Frankenstein reveals the artists’ distinctive interpretations of Shelley’s thoughts and concerns on the emerging medical, scientific and technological advances and their impacts on society and individuals. From themes of abandonment and loneliness through to issues surrounding robotics, each artist brings their own insight into the broad span of ideas generated by this iconic novel. Guests can enjoy a range of exhibits including an interactive, mechanical sculpture, engaging screen-prints and a coin mosaic.
Frankenstein, or The Modern Prometheus, has long intrigued people since its publication and is inspiring a wealth of artistic responses in this exhibition. Julie Caves extrapolates the concept that Frankenstein’s creature is made up from many disparate parts to create a montage of paintings created over many years, a new piece of work is born from the amalgamation of many. Meanwhile Greg Martin explores the recollections of past lives and stories of the creature’s body parts asking if his memories would be a hybrid of theirs. Using collage, screen- prints and a shirt he creates a fascinating narrative of memoirs.
Frankenstein’s creature at first innocent and sensitive becomes a figure of fear and rage. Why? Nick Hazzard explores the creature’s vulnerability and loneliness in an intolerant society that rejects and persecutes him in his gestural figurative paintings. How does society treat those who are different? The theme of rejection and loneliness is amplified further in Esperanza Gómez-Carrera’s thought-provoking sculptures and collages. A determination to defeat death and a youthful ego spurred Victor Frankenstein to form and animate his creature and fear caused him to reject this living being. Contemplating the motivation of modern day equivalents to create and discard their work Sara Wickenden has fashioned a coin mosaic on Boris Karloff’s iconic image as Frankenstein’s creature.
In an engaging series of charismatic screen-prints Liz Whiteman-Smith investigates ideas of robots and using electricity to reanimate extinct animals such as a clockwork Tasmanian tiger and an electronic dodo. Chris Mercier explores links between storytelling and textiles in an intriguing printed Toile that incorporates haunting images from the story of Victor Frankenstein. Using life-sized masks Gil Lewis poignantly portrays both Mary Shelley and her famous creation alongside evocative woodcut prints.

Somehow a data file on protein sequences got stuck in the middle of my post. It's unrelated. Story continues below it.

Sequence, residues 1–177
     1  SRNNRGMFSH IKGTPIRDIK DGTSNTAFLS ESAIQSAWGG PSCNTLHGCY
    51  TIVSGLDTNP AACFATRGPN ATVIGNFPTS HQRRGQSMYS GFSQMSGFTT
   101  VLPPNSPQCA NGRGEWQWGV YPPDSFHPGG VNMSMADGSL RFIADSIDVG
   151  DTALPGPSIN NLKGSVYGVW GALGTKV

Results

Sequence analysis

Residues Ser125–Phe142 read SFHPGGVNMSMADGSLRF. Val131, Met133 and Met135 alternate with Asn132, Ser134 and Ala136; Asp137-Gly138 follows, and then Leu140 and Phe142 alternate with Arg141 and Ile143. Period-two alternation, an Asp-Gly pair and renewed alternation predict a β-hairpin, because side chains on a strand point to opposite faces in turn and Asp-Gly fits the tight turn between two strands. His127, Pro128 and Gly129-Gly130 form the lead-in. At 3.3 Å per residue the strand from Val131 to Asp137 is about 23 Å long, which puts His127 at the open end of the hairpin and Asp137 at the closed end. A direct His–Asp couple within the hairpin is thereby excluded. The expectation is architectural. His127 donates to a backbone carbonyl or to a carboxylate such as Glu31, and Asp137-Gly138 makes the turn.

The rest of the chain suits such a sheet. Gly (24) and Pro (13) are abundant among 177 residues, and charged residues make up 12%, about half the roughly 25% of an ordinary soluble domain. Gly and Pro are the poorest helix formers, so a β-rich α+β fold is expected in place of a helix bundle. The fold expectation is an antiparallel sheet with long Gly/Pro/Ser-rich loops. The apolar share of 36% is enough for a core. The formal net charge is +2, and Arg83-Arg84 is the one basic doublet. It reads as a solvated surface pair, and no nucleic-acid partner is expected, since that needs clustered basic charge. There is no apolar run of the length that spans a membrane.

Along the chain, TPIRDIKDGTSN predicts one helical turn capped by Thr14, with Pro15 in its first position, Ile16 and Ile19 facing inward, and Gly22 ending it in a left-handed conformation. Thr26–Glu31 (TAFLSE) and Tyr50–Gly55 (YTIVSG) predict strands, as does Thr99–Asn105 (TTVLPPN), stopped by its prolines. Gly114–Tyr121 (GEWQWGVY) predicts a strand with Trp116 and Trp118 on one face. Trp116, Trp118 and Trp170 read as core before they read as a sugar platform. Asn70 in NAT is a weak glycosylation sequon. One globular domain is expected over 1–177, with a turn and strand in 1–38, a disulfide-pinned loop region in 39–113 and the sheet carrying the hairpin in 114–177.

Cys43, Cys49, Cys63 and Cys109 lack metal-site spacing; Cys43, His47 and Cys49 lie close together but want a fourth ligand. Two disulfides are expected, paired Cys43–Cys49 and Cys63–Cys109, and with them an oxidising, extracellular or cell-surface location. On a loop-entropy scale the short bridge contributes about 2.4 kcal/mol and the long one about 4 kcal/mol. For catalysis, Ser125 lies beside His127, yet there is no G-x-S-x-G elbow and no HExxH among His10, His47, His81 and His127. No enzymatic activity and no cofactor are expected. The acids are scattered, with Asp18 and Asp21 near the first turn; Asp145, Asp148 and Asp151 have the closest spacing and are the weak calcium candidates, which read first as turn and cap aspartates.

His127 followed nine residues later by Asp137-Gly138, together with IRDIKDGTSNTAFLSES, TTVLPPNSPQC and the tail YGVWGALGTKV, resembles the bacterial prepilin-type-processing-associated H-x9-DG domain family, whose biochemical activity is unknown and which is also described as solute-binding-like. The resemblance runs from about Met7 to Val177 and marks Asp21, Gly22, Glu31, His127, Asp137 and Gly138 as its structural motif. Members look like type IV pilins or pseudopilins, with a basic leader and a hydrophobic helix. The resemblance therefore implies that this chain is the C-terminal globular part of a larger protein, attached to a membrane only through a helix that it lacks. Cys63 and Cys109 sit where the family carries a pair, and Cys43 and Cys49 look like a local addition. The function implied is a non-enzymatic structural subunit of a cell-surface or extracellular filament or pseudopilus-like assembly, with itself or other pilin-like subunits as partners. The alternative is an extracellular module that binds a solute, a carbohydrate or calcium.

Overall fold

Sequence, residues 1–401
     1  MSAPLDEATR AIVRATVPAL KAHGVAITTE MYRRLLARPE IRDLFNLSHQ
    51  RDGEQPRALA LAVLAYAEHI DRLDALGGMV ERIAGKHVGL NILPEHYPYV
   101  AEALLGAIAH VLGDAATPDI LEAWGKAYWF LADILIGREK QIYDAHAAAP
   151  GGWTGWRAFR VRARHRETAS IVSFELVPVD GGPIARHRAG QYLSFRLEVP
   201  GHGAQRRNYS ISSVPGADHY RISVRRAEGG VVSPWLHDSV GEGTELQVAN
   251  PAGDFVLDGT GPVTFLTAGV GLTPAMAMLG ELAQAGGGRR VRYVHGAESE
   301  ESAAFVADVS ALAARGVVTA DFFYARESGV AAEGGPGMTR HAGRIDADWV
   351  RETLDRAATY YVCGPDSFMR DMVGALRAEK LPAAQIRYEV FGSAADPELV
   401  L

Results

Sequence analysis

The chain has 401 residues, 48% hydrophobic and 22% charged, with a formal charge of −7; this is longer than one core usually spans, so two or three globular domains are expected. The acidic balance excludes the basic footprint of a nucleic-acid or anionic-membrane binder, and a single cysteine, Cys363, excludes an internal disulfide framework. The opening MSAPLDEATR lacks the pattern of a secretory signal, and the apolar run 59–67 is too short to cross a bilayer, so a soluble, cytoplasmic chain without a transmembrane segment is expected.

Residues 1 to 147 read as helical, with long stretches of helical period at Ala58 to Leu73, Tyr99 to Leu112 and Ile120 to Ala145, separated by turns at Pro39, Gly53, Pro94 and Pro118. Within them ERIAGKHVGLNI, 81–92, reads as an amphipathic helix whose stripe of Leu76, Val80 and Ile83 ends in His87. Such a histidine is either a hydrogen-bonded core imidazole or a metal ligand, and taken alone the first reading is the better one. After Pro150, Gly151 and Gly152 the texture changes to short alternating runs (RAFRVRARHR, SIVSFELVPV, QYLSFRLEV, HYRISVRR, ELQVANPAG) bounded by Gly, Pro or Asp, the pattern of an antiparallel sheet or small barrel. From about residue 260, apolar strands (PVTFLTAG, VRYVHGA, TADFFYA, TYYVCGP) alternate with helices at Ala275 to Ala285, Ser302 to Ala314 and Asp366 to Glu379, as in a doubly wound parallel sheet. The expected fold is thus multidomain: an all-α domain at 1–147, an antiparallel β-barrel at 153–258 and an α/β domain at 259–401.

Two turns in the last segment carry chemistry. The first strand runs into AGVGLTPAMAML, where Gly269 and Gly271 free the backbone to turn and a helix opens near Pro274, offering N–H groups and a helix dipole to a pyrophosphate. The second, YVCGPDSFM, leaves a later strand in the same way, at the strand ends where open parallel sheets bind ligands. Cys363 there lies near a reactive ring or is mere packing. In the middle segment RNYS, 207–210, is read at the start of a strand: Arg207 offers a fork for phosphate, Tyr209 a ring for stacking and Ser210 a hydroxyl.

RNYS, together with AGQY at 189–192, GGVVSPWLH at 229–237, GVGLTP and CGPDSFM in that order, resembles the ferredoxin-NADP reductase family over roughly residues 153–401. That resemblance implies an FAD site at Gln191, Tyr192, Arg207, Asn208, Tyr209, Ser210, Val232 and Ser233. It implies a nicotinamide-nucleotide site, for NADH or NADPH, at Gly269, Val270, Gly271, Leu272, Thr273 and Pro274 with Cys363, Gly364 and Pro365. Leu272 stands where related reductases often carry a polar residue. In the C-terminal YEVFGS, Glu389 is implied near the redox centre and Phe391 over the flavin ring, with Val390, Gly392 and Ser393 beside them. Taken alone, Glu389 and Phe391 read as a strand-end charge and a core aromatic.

As we enter an age where robotic creations are evolving and pose the possibility of their own intelligent life gallery visitors can meet Brian and Brenda, Graham Asker’s engaging and fascinating robotic heads. Complementing this is Dan Munday’s Kinect driven creature and Emma Hammond’s sound poetry inspired by the life of Mary Shelley.
In addition, the artists have produced a collaborative piece of work, visualising a creature made from many separate and different parts which can be seen on the landing between the basement and the ground floor. The artists’ reactions to the theme of Frankenstein have resulted in a distinctive, reflective and stimulating body of work. The exhibition brings together a wealth of complementary artwork and opens up a dynamic and intimate dialogue with the viewer. The participating artists are actively involved and visitors will be able to discuss the works with several artists present at the gallery each day.